People


People

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An English Noun

The English noun people has two distinct fields of application:
* as a countable noun, a group of humans, either with unspecified traits, or specific characteristics (e.g. the people of Spain or the people of the Plains).
* as a mass noun, "people" is the suppletive plural of "person". However, the word "persons" is sometimes used in place of "people", especially when it would be ambiguous with its collective sense (e.g. "missing persons" instead of "missing people"). It can collectively refer to all humans or it can be used to identify a certain ethnic or religious group. For example, "people of color" is a phrase used in North America to describe non-whites. [Safire, William. "On language: People of color" "The New York Times", November 20, 1988. See also: "The Black Press at 150", editorial, "The Washington Post", March 18, 1977]

In philosophy and religion

The concept of personhood (who is a person within a society) is the fundamental component of any selective concept of people. A distinction is maintained in philosophy and law between the notions "human being", or "man", and "person". The former refers to the species, while the latter refers to a rational agent (see, for example, John Locke's "Essay concerning Human Understanding" II 27 and Immanuel Kant's "Introduction to the Metaphysic of Morals"). Central issues of interest to people are the understanding of the human condition and the meaning of life, and survival. Religion, philosophy, and science show or represent modes and aspects of inquiry which attempt to investigate and understand the nature, behavior, and purpose of people. Sociology, economics, and politics represent modes by which people investigate how to maximize a collective survival strategy.

In politics

Various republics govern, or claim to govern, in the name of "the people". Both the Roman Republic and the Roman Empire used the Latin term "Senatus Populusque Romanus", (the Senate and People of Rome). This term was fixed to Roman legionary standards, and even after the Roman Emperors achieved a state of total personal autarchy, they continued to wield their power in the name of the Senate and People of Rome. A People's Republic is typically a Marxist or socialist one-party state that claims to govern on behalf of the people. Populism is another umbrella term for various political tendencies that claim to represent the people, usually with an implication that they serve the common people instead of the elite.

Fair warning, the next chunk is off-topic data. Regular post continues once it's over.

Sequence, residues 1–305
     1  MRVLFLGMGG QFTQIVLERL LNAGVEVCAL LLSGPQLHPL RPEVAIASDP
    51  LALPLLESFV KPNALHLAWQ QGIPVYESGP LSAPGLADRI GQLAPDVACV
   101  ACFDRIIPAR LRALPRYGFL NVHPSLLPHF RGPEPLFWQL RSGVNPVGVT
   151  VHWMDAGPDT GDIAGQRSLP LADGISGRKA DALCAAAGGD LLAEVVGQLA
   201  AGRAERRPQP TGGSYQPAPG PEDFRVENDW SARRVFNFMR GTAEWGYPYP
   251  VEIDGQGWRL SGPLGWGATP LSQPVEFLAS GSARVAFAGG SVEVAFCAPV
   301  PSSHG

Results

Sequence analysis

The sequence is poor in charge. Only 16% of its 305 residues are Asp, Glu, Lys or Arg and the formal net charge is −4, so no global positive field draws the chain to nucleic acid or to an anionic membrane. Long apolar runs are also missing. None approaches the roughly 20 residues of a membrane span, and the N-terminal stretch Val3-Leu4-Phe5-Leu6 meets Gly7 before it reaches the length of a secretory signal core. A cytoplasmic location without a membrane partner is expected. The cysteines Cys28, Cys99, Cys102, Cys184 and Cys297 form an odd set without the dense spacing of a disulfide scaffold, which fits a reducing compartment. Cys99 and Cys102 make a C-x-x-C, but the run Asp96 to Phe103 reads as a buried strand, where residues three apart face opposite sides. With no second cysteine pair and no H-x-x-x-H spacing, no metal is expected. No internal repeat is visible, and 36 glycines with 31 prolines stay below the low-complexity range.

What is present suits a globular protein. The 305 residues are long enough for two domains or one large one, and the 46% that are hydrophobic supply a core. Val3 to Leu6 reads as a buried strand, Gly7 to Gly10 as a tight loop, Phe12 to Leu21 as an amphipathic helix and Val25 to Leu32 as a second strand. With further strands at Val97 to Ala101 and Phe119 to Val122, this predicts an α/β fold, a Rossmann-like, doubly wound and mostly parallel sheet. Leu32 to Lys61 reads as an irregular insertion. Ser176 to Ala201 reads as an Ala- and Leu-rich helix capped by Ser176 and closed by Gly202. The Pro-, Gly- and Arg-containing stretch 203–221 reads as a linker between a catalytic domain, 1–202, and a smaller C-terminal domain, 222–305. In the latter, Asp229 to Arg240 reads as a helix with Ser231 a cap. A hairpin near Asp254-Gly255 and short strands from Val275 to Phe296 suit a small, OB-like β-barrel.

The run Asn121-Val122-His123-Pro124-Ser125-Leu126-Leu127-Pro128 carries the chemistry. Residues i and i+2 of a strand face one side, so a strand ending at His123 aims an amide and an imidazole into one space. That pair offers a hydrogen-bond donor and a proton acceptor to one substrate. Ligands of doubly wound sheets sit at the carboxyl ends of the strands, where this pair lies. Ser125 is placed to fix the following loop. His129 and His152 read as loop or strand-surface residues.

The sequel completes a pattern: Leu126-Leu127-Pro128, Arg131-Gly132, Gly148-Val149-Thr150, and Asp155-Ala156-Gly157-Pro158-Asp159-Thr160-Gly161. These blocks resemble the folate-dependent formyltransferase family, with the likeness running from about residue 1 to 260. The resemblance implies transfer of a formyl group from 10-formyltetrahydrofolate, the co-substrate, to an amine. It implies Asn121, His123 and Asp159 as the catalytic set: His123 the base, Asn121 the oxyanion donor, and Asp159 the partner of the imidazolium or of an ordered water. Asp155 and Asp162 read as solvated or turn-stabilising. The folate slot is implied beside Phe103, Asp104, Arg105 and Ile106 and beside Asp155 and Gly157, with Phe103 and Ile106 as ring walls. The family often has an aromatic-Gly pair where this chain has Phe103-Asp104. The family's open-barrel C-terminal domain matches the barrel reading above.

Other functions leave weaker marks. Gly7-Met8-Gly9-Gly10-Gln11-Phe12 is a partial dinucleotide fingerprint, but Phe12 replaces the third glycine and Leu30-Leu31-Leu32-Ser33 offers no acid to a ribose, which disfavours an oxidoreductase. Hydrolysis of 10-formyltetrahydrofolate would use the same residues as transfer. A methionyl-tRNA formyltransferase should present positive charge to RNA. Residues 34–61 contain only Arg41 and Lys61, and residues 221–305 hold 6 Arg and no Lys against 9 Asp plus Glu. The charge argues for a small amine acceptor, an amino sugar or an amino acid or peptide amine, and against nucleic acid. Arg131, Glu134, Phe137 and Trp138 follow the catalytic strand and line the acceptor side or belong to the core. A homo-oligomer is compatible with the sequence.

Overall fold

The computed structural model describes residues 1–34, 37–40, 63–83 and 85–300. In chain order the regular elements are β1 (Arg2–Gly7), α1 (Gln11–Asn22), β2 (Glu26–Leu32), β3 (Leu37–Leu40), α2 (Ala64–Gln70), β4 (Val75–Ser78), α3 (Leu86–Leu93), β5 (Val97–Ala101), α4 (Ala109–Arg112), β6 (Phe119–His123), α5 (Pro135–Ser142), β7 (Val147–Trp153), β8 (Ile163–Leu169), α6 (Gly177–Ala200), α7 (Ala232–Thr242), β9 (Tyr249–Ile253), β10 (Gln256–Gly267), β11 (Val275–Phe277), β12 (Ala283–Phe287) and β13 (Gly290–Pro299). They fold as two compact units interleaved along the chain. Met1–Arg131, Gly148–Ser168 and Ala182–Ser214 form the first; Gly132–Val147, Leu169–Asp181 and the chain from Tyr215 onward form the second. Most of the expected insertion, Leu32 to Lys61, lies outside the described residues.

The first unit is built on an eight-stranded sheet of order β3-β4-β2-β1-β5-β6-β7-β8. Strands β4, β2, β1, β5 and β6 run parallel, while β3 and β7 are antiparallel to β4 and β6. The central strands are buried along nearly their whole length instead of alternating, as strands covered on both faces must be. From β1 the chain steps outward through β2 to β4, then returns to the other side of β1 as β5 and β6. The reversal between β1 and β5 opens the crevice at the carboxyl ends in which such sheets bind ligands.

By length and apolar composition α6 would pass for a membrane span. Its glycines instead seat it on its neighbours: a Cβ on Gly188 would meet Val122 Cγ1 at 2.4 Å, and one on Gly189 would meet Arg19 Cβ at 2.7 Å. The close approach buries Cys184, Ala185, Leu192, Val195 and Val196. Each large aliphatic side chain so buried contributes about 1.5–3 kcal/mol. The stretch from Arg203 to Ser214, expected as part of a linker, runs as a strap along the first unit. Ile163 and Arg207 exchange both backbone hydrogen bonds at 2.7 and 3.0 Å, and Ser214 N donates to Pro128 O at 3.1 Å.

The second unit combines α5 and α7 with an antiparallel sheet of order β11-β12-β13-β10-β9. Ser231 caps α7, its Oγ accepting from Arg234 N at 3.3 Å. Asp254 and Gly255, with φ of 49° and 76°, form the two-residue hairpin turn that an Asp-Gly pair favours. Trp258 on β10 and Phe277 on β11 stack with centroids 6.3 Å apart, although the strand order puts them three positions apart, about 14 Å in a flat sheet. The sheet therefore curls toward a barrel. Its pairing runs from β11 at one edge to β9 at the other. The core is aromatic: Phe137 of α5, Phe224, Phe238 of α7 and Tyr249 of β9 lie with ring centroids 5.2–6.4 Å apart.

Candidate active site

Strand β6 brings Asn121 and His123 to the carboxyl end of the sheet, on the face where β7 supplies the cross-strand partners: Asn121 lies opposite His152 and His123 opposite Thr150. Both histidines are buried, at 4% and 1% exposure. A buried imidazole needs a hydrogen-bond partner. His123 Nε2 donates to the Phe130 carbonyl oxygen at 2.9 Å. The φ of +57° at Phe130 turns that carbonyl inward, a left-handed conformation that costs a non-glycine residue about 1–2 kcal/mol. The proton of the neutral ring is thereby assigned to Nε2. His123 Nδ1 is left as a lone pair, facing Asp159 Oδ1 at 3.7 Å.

Islam recognizes the People of the Book as members of monotheistic faiths founded upon revelation related to its own faith. By contrast, in Judaism, the Jews are often said to be the chosen people, a concept modified by the Christian doctrine of "the Elect".

In law

In criminal law, in certain jurisdictions, criminal prosecutions are brought in the name of "the People". Several U.S. states, including California, Illinois, and New York, use this style. [See, e.g., "California v. Anderson" 6 Cal. 3d 628; 493 P.2d 880; 100 Cal. Rptr. 152; 1972 Cal. LEXIS 154 (1972)] Citations outside the jurisdictions in question usually substitute the name of the state for the words "the People" in the case captions. [See generally, "", rule 10.] Four states — Massachusetts, Virginia, Pennsylvania, and Kentucky — refer to themselves as "the Commonwealth" in case captions and legal process. [See Commonwealth (United States)] Other states, such as Indiana, typically refer to themselves as "the State" in case captions and legal process. The political theory underlying this format is that criminal prosecutions are brought in the name of the sovereign; thus, in these U.S. states, the "people" are judged to be the sovereign, even as in the United Kingdom and other dependencies of the British Crown, criminal prosecutions are typically brought in the name of the Crown. "The people" identifies the entire body of the citizens of a jurisdiction invested with political power or gathered for political purposes. ["Black's Law Dictionary", 5th ed., "People".]